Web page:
The Jumble of Christmas

Christmas with an almost three-year-old. What on earth can I say about that? He was so excited and yet, I’m so glad to see it over with. There were plenty of unexpected gifts, and he actually got quite the haul. With all of the fuss though, I’m now of the firm opinion that there are phases with small children and gifts; not all of them are adorable.

Phase 1: So Shiny! Wrapping paper, lights, bows, ribbons, the works. And it’s all deliciously irresistable. Biggest did exceptional with this phase this year, and I only had to tell him once not to touch them until Christmas morning. Littlest, however, is still of the idea that shiny things should also be tasty, and will make great effort to ensure that testing of such things is done often and thoroughly. Quality is everything people!

Phase 2: For Me?? This excitement lasts for exactly 5.33 minutes. Or 320 seconds. Whichever you prefer.

Phase 3: Open it! After unwrapping for exactly 5.33 minutes (or 320 seconds), your child will undoubtedly want to play with whatever he/she just opened.

Phase 4: More for me? When confronted with the fact that there is still more to open and that we can’t play with it until the rest are unwrapped, we will return for a significantly less awesome Phase 2. It’s also a lot shorter.

Phase 5: Why me (the parent)? After repeating various versions of Phases 2 – 4, we will get to the point of no return. That is, you as the parent will be convinced that getting small children to unwrap said gifts with all the bows and ribbons is a test. For you. And you’re failing miserably.

Phase 6: Not Happening. Again. Ever. Ever. Period. Once you’ve realized that you’ve failed the test, you will undoubtedly decide that gifts are ridiculous, and wrapping them even more so. You vow that next year every child on your list is getting exactly one gift, and it’s being wrapped crappily in newspaper. If you can stop pounding your head on the wall first.

*disclaimer: I may have exaggerated slightly.

Christmas was actually rather enjoyable. My Christmas Eve Extravaganza actually turned out well, and despite years past, was served on time. I had a terrible time finding a recipe for Apple Crisp that didn’t involve weird things like “orange zest” and “candied ginger” and “shaved cocoa beans from a little tiny island that nobody knows about”, so I mixed apple pie filling (from my head) and an oat topping (also from my head)… To my amazement, it turned out delicious. Take that internet recipes! Biggest and Littlest made out with a haul after supper from Hubby’s family, including a huge pop-up train tent that fits into a tiny little bag when not in use. My only problem is trying to tell Biggest that it’s not “broke” because I put it in said bag. He also got a balance bike, happily adopted as his “motorbike”, and an Elmo car that he is unfortunately terrified of. Granted, Elmo is a little terrifying to begin with, and Biggest has no idea who he is (the whole no TV thing is to blame)… I think it’s kind of hilarious, because it’s supposed to drive around without controls, and every time it backs up into something, Elmo honks, spins in a circle, and says “WOW THAT’S GONNA LEAVE A DENT!”. Gets me every time.  Maybe I’ll snitch it until Biggest stops cowering in a corner (his terror was hard to believe at first, because when he originally opened it, he played exclusively with it). Littlest got some epic stuff too, including a singing snail that you can use for tummy time, sitting up, and crawling. He adores it. Also, everything he got met with the Littlest Seal of Approval (known as “is this tasty?” “Oh! It is!” “Om nom nom”).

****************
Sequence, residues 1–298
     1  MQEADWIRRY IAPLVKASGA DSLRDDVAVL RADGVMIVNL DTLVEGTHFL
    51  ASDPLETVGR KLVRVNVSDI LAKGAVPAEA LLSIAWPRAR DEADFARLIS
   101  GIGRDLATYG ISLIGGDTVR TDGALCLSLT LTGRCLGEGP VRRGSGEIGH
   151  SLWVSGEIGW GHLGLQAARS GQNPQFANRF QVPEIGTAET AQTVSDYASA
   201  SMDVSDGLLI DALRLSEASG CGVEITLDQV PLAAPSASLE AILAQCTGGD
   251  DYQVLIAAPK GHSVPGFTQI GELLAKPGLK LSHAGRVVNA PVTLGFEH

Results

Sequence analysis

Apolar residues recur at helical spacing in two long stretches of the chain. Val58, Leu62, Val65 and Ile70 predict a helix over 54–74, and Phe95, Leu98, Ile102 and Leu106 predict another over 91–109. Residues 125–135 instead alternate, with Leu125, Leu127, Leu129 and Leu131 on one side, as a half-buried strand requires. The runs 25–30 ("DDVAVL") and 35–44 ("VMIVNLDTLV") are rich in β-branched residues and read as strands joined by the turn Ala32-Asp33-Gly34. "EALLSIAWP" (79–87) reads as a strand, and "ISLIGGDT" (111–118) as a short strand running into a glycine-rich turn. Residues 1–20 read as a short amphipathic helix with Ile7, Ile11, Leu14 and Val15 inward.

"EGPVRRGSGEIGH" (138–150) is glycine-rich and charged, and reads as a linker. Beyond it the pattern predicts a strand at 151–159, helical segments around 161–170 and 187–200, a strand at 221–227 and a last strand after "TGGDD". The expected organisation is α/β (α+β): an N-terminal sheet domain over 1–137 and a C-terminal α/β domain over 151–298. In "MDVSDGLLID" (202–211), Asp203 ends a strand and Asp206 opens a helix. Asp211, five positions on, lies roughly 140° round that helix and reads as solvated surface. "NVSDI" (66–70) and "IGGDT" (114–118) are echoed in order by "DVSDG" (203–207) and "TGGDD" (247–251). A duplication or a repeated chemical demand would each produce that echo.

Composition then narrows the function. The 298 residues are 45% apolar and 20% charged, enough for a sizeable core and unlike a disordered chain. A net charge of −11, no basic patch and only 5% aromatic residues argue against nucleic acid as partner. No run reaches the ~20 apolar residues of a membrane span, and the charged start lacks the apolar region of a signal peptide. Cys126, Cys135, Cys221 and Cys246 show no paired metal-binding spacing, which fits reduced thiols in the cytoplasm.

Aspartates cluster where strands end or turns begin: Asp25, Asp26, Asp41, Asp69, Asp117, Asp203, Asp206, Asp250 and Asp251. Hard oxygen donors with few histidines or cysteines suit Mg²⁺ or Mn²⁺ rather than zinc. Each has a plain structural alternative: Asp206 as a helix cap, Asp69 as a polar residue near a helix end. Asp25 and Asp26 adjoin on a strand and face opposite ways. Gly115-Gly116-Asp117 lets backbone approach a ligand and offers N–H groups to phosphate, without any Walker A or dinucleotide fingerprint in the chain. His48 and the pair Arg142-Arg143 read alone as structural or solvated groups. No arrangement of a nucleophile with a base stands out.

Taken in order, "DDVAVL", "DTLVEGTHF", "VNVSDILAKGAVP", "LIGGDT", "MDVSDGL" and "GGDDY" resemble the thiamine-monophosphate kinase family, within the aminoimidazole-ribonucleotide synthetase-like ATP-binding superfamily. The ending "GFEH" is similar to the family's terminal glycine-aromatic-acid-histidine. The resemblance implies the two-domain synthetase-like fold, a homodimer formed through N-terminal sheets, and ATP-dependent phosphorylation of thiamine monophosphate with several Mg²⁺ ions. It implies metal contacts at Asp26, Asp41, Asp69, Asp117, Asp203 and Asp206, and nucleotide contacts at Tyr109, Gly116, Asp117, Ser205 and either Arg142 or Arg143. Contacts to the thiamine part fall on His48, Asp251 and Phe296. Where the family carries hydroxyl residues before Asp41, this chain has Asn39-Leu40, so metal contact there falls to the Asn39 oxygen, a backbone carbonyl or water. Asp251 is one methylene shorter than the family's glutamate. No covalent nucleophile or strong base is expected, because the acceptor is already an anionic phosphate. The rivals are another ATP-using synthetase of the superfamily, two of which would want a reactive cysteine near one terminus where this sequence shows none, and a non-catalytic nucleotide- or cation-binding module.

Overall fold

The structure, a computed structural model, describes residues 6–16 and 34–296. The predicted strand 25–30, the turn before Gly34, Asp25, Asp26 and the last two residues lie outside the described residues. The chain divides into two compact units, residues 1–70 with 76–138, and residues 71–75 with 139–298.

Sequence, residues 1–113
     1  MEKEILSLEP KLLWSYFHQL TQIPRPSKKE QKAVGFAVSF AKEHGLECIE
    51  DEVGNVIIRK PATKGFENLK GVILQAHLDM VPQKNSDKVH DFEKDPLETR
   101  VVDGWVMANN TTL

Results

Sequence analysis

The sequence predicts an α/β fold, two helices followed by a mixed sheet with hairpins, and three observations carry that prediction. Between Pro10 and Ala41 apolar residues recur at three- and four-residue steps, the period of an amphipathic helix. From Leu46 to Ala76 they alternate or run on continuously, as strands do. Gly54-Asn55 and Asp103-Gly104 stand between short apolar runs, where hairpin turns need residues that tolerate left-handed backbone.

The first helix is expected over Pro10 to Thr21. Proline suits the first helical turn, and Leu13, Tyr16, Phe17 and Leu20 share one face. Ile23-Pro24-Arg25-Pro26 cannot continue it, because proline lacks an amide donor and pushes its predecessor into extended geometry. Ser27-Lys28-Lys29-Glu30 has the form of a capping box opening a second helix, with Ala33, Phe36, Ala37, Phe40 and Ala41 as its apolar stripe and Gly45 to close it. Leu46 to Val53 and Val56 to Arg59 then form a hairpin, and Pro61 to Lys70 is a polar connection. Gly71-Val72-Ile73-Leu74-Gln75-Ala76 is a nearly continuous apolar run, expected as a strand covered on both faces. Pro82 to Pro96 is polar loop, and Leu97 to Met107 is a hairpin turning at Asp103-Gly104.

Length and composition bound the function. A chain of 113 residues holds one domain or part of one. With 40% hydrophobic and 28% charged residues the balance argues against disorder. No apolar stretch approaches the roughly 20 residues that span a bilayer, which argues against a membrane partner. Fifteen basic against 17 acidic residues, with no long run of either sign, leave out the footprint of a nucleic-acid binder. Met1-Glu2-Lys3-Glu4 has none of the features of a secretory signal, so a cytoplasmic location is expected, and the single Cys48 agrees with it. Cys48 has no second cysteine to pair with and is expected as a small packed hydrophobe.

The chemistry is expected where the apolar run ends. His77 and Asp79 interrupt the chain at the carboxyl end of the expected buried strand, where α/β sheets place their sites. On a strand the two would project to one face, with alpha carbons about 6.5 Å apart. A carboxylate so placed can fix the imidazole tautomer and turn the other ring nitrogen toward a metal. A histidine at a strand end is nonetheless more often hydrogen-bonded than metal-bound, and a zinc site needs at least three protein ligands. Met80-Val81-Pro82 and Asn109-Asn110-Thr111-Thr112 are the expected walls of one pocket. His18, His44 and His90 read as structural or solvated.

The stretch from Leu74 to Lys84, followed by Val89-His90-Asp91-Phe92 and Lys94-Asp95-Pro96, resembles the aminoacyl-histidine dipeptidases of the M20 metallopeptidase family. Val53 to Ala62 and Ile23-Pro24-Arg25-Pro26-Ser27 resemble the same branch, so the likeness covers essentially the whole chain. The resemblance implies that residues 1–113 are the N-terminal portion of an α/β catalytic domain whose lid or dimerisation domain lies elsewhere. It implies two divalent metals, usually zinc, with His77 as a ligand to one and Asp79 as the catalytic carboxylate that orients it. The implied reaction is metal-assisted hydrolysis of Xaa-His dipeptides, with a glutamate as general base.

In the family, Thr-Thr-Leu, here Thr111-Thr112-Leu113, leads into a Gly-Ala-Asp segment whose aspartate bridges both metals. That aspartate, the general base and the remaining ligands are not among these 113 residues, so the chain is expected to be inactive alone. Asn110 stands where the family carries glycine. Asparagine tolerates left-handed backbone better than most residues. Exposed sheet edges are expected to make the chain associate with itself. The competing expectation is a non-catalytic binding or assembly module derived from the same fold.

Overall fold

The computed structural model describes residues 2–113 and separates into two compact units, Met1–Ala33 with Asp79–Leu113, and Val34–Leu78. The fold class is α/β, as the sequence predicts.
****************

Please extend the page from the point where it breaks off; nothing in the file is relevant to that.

Christmas morning was happily lazy, with a pancake breakfast (or leftover apple crisp in my Dad’s case), followed by the unwrapping phases previously mentioned. I really don’t know if Biggest even remembers half the stuff he got. Between the cardboard oven I made him, and the baking stuff/tea set my parents got him, he’s been happily insisting everyone have “coffee” with him. When he’s not in the train, of course. Or playing with the city blocks Grammy made for him. The Transformer Bots, Fix-It set, and the travel kit, on the other hand, are off in a corner for now. Secretly I’m glad, because if he had to play with all of them, he’d probably explode. Not to mention, the travel kit is for (duh) traveling, so he’ll be quite excited the next time he goes for breakfast at Pappy S.’s. I will note, also, that the blankets (tabby for Littlest, and a bigger fleece for Biggest), have both been thoroughly adopted, as were all the books they were given. Oh! I almost forgot, we got blessed this Christmas by one of the stores we visit! They knew we were having a rough Christmas, and gave both the boys a book and a critter, happily adopted as well. It gave me one of those happy Christmas pauses that give you the inner warm-and-fuzzies. I like warm-and-fuzzies.

Here’s to hoping the rest of you survived the ribbons, boxes, bags, packages, bows, and paper. And didn’t have to bawl your eyes out (like I did last night) once everything was over with.

The Handler.


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